'EXCLUSIONSfrom any of the professions or any of the ordinary avocations of life for past conduct, can be regarded in no other light than as punishment for such conduct.'

(26) But, I think, they were using the word 'punishment' in a loose sense. For my part, I would agree with the very powerful dissent delivered by Mr. Justice Miller, with which the Chief Justice and Justices Swayne and Davis concurred. The minority judgment demonstate; conclusively the serious ffaws in and the grave consequences of the decision of the majority.

(27) Moreover, the facts of that case were rather special. The petitioner had been pardoned by the President of the U.S.A. for certain facts committed by him during the American Civil War. Nevertheless, he was required by an Act passed by Congress to take an oath that he had never committed those acts as a qualification for admission as an attorney of the Supreme Court. This rendered the pardon granted by the President largely ineffectual. In resolving this conflict the majority held : It is not within the constitutional power of Congress thus to inflict punishment beyond the reach of executive clemency-'

(28) I doubt if the majority judgment can be taken as a guide for interpreting the word 'punishment' in Article 20(2) of the Constitution of India. Even if it were, it would avail the appellant only if he had made a candid disclosure of his past, and the U.P. Bar Council had then sought to 'punish' him by refusing to enter his name on the rolls.

(29) It is significant and worth noticing for the present purpose. that both the judgments in that case acknowledge unreservedly the great importance of atorneys being men of good character. From that point of view the case is against the appellant.

(30) Towards the end, in the reply on behalf of the appellant, some new points were raised. It was contended that the order made by the Bar Council of India could not he sustained because it was not a speaking order. I concede that the order made by the Bar Council of India was of a quasi-judicial nature and reasons had to be recorded : see The State of Punjab v. Bakhtawar Singh and others, 1972 S.L.R. 85 and M/s. Mahabir Prasad Santosh Kumar v. State of U.P. and others, : [1971]1SCR201 . But, I think, it speaks enough. Although the last paragraph of the order is somewhat laconic, the reasons for the decision of the Bar Council are quite apparent when it is read in the background of what precedes it. True, the order does not specifically say whether the appellant had secured his enrolment by fraud or by misrepresentation as to an essenlial fact; but it is obvious that the Bar Council was satisfied that it was either the one or the other, and that the case was covered by the proviso to section 26(1) of The Advocates Act. Be it noted, also, that this point was never raised in the courts below or even in the grounds of appeal, which shows that until the case was argued here, the appellant experienced no difficulty in comprehending the order.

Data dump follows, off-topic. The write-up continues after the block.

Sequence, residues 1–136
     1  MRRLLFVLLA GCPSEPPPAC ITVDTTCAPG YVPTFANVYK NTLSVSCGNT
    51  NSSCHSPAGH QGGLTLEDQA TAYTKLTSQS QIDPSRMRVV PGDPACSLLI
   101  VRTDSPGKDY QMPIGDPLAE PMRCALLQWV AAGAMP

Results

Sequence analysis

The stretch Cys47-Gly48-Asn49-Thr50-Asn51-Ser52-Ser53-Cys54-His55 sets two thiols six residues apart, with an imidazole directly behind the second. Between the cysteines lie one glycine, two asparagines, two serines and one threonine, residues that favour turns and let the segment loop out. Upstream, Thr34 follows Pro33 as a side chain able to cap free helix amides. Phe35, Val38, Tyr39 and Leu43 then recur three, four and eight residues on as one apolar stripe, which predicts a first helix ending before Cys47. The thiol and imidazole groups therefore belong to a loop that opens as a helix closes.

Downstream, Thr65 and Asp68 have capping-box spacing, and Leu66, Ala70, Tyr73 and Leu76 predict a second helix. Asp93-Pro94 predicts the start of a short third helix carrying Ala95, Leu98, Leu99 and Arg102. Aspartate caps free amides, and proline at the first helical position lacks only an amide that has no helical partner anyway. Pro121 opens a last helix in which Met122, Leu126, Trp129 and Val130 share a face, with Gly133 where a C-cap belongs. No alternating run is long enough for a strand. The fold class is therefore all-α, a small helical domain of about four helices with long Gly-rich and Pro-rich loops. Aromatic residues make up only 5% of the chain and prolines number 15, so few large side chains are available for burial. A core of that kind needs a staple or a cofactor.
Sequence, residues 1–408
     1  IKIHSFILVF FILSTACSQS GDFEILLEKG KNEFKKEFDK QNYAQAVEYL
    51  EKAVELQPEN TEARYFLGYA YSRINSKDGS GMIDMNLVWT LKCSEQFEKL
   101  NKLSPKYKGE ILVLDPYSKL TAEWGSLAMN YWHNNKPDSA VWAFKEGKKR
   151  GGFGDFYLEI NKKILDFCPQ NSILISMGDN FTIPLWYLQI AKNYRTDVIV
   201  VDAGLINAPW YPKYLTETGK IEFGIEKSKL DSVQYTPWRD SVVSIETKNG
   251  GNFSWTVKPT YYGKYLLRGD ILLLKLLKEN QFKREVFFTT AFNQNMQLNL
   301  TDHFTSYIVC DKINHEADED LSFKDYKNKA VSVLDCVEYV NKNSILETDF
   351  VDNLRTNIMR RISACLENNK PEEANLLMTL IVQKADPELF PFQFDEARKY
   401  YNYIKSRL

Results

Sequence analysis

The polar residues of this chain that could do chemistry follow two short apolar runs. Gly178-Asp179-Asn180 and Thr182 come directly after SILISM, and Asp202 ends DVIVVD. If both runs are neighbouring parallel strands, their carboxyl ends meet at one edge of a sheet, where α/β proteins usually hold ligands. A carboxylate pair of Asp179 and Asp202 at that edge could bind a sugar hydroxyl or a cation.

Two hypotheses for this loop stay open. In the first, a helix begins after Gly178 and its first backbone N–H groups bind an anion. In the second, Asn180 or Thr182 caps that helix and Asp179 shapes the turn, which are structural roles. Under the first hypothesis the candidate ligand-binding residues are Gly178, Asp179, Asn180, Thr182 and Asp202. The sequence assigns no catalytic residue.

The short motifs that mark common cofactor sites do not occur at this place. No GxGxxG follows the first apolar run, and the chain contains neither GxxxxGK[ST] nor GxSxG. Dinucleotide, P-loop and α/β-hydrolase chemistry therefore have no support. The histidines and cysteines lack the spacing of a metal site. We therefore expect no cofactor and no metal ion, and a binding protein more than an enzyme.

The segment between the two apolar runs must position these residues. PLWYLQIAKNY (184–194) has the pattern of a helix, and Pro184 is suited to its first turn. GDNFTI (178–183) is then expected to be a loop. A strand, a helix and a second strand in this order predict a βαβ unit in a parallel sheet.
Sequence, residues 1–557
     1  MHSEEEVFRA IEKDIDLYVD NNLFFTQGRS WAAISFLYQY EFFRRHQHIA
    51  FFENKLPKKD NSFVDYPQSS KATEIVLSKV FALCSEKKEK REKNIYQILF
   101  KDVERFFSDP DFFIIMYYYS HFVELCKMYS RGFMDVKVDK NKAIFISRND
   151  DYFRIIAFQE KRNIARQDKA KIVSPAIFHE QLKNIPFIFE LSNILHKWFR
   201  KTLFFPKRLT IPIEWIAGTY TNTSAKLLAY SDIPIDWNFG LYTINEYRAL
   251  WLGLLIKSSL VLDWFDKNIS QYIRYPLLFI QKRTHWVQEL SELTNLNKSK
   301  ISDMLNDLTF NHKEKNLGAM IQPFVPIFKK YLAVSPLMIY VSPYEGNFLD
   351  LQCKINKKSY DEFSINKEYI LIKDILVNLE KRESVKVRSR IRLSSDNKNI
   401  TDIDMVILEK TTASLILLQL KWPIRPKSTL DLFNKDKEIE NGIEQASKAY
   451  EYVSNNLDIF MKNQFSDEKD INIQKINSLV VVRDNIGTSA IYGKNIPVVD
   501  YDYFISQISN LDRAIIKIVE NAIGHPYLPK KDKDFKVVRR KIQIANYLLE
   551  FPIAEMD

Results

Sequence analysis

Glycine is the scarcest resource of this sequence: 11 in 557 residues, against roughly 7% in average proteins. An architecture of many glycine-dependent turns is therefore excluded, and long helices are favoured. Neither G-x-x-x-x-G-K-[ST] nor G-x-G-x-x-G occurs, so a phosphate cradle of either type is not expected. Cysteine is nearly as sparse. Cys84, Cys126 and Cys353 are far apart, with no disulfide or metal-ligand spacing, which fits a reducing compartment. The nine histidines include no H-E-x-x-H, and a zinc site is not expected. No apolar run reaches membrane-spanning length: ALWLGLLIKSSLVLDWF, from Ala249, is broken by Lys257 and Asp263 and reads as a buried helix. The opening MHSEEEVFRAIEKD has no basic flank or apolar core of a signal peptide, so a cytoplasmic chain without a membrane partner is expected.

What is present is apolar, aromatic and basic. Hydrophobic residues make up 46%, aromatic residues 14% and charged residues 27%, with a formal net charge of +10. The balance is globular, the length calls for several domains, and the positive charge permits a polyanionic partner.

(31) Finally, it was urged that by the rules of natural justice the appellant was entitled to notice of what was charged against him so that he could make his answer : see Maradans Mosque v- Badi-ud-din- Mahmud (1966) 1 A.I.R. 545, And, if that was not done, the Bar Council for India would have no right to take into consideration a matter of which notice had not been given : sec Anisminic Ltd., v. The Foreign Compensation Commission and Another, Air (1969) 1 208. Applying these propositions to the present case, it was said that in the notice requiring the appellant to show cause against their proposed action, the Bar Council had not alleged that he had obtained the certificate of character by deceit or falsehood; yet they took this matter into account whilst making their order despite the objection of the appellant that it was not relevant.

(32) I do not think that the order of the Bar Council lends itself to this construction. The falsity of the certificate of character is referred to in that part of the order which records the answers given by the appellant and the submissions made by his counsel. There is nothing to suggest that the ultimate decision of the Bar Council was based on the finding that the certificate of character produced by the appellant was untrue. As I understand the order, it holds that the appellant had gained admission as an advocate by fraud or misrepresentation in that he had refrained from disclosing that he had previously been convicted of offences. The facts on which that conclusion rested were admitted by the appellant. Merely because the certificate was referred to in the interrogation of the appellant, or in the argument of his counsel, docs not mean that the Bar Council relied on it, or the surrounding circumstance, for the purpose of reaching its decision.

(33) These were all ihe conitentions raised on behalf of the appellant. I am not persuaded that any of them is sound. Accordingly, the appeal fails and is dismissed with costs.